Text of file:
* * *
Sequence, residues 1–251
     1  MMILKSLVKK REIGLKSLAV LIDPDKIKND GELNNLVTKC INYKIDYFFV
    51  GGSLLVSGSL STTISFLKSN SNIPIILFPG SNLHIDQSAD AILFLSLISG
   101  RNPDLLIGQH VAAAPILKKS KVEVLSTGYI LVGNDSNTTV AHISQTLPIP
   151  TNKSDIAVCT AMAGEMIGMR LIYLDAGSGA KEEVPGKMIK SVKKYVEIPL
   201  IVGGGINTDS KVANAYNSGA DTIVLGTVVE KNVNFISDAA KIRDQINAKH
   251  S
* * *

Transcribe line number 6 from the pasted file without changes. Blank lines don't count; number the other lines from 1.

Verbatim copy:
   201  IVGGGINTDS KVANAYNSGA DTIVLGTVVE KNVNFISDAA KIRDQINAKH